(NationalSentinel) Politics: FBI Director James Comey hasn’t made too many people on either side of the political aisle very happy over the past year, and the angst has now extended into the new administration.

Much of what he has said and done has been viewed as highly political in nature – completely out of character for a federal law enforcement agency that used to pride itself on being completely independent and non-partisan. Take the investigation into Hillary Clinton’s use of a private email server: Comey was all over the place, laying out what appeared to be an air-tight case for prosecution in a revealing (and rare) public statement July 5, 2016, only to claim no “reasonable prosecutor” would make the case (not his call, by the way).

In any event, he’s now being scrutinized for make conflicting statements regarding the infamous “Trump dossier” that contained numerous unsubstantiated and often salacious claims about Trump and his inner campaign circle. As reported by The Daily Caller:

Ahead of a highly anticipated Senate hearing later this week, FBI Director James Comey is being accused of making inconsistent statements about the bureau’s relationship with Christopher Steele, the ex-British spy behind the Trump dossier.

Iowa Sen. Chuck Grassley, the chairman of the Senate Judiciary Committee, made the allegation in a letter sent to Comey on Friday.

“There appear to be material inconsistencies between the description of the FBI’s relationship with Mr. Steele that you did provide in your briefing and information contained in Justice Department documents made available to the Committee only after the briefing,” Grassley wrote to Comey.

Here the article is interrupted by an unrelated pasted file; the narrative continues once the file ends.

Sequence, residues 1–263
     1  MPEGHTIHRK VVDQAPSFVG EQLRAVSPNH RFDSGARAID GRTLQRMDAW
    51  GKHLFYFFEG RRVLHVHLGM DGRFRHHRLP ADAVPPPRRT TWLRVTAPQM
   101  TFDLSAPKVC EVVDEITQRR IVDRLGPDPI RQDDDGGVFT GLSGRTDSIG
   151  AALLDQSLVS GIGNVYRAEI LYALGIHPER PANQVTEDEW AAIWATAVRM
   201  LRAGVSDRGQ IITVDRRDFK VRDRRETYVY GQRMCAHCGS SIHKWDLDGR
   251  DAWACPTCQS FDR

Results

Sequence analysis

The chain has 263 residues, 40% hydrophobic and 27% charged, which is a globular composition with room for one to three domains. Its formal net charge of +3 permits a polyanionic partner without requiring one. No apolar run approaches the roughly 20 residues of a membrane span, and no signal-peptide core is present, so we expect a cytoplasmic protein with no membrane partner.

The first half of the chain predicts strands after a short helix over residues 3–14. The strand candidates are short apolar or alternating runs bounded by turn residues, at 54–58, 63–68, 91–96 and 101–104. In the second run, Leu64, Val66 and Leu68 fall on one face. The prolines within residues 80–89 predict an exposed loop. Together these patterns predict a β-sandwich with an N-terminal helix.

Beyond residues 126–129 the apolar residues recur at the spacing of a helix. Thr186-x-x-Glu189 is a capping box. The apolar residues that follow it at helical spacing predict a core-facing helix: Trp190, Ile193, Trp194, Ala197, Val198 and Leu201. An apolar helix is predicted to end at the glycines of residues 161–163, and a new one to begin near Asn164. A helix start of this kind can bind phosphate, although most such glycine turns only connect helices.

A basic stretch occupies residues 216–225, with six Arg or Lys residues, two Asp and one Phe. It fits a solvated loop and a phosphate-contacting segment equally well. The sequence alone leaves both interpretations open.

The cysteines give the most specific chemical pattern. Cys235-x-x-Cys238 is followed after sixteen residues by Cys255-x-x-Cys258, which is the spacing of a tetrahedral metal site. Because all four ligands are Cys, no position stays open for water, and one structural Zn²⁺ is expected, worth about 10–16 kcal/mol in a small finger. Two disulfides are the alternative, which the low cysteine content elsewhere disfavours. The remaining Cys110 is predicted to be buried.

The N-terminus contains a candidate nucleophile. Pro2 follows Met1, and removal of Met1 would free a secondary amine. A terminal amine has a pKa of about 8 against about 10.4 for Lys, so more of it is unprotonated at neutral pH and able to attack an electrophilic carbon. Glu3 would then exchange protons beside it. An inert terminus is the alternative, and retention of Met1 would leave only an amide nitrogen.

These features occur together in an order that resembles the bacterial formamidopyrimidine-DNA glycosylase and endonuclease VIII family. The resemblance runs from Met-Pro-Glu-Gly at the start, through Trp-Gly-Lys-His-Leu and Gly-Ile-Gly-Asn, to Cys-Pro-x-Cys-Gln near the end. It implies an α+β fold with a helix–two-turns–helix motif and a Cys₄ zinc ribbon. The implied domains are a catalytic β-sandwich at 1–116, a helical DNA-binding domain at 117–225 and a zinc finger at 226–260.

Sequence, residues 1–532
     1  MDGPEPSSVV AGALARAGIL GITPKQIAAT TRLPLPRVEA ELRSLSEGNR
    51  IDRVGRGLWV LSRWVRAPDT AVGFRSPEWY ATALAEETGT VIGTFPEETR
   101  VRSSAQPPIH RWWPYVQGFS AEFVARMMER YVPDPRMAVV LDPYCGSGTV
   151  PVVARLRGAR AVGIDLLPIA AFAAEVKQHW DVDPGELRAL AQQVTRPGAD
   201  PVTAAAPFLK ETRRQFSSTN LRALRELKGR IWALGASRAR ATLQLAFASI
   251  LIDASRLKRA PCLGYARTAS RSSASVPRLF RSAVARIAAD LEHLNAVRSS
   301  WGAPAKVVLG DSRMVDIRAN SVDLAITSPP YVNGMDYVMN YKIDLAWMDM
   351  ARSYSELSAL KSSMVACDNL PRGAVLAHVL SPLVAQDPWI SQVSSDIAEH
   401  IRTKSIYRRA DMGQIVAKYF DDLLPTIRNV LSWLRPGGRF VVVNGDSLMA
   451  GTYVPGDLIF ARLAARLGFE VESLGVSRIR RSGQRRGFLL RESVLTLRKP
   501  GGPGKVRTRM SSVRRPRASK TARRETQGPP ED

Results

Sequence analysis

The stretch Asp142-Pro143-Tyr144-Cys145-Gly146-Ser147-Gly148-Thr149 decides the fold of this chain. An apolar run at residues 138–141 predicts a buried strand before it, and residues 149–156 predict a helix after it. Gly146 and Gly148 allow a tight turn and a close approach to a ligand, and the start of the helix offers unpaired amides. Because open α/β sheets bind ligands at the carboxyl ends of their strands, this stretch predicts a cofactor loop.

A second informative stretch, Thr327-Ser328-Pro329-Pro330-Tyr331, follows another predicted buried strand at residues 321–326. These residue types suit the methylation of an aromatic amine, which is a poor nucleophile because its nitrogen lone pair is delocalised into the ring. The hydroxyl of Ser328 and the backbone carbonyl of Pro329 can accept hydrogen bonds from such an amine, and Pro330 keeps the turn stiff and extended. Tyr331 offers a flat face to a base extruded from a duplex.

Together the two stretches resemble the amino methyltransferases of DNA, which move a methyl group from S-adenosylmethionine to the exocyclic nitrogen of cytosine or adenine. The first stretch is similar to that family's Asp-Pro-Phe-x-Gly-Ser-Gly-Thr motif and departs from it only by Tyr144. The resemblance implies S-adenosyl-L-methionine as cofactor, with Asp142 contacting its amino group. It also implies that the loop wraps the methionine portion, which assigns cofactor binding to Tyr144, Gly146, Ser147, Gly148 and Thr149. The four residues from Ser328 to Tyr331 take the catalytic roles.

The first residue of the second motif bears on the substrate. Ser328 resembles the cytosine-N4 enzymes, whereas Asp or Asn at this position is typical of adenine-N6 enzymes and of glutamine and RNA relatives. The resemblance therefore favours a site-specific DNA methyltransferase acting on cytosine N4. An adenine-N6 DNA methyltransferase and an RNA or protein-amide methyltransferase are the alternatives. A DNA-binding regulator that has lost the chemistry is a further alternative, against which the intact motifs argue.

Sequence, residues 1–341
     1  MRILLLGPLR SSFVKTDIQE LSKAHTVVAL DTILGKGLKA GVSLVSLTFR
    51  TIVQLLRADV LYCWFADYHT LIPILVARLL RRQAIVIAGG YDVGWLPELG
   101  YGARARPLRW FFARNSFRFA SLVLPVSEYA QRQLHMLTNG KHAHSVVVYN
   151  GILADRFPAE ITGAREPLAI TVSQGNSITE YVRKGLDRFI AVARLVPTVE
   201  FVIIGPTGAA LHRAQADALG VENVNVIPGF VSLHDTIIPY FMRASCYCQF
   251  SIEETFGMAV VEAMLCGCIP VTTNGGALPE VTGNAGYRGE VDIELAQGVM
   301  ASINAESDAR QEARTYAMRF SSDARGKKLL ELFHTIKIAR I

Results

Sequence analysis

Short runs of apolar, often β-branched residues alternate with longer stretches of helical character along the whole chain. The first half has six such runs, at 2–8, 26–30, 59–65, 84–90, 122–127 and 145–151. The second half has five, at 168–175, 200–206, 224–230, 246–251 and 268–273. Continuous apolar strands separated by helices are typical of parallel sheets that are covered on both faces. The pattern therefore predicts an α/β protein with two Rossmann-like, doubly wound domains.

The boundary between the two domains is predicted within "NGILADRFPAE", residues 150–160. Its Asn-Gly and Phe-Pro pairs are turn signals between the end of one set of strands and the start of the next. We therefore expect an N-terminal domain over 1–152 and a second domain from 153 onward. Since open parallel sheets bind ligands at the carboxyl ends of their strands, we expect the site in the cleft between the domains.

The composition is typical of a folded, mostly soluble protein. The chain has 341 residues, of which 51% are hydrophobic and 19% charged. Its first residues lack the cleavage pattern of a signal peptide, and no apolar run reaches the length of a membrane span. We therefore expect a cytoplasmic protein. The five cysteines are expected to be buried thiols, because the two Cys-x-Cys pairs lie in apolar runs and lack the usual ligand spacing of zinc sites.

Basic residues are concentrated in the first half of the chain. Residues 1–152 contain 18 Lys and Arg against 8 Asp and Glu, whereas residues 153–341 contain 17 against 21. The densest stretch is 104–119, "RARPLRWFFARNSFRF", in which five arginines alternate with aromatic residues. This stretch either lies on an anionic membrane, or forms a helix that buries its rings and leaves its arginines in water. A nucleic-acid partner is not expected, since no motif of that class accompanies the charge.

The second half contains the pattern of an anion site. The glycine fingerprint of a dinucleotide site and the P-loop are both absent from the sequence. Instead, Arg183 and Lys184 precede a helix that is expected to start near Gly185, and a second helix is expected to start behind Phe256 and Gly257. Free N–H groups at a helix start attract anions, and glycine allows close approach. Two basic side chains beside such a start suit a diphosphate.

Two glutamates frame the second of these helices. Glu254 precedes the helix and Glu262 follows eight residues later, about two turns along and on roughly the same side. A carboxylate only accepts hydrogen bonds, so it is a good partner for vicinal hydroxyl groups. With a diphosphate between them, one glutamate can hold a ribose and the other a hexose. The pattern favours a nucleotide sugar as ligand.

Grassley and other members of the panel will get the chance to ask Comey about his bureau’s conflicting statements.

The Judiciary Committee chief has regularly pressured the FBI director regarding reports that his department cooperated with Steele and even offered the former British spy $50,000 to continue his research on Trump, then a candidate for the Republican presidential nomination.

Reportedly, FBI agents met with Steele in July and again in October to talk about what he allegedly found – all of which was eventually laid out in a 35-page document that Buzzfeed published in January (Buzzfeed is now being sued by a Russian tech firm and others mentioned in the unsubstantiated dossier).

The dates July and October are noteworthy too. Earlier reporting noted that the FBI attempting to obtain a warrant from the secretive Foreign Intelligence Surveillance Act court (FISA) to put Team Trump under electronic surveillance; the court did not grant the warrant in July, reports said, but did so in October. Aspects of this investigation are still being probed by House and Senate intelligence committees.

As for Grassley, he says he’s concerned about what kind of cooperation was going on between Steele and the FBI because the British spy was gathering Trump-related “intelligence” at the time on behalf an opposition research firm (Fusion GPS) that was in turn working for an ally of Hillary Clinton’s, The Daily Signal noted further.

“The idea that the FBI and associates of the Clinton campaign would pay Mr. Steele to investigate the Republican nominee for President in the run-up to the election raises further questions about the FBI’s independence from politics, as well as the Obama administration’s use of law enforcement and intelligence agencies for political ends,” Grassley wrote in a March 6 letter to Comey.

Whether the “inconsistencies were honest mistakes or an attempt to downplay the actual extent of the FBI’s relationship with Mr. Steele, it is essential that the FBI fully answer all of the questions from the March 6 letter and provide all the requested documents in order to resolve these and related issues,” Grassley wrote.

Many of the claims made in the dossier have been proven false, while most others have been unsubstantiated.



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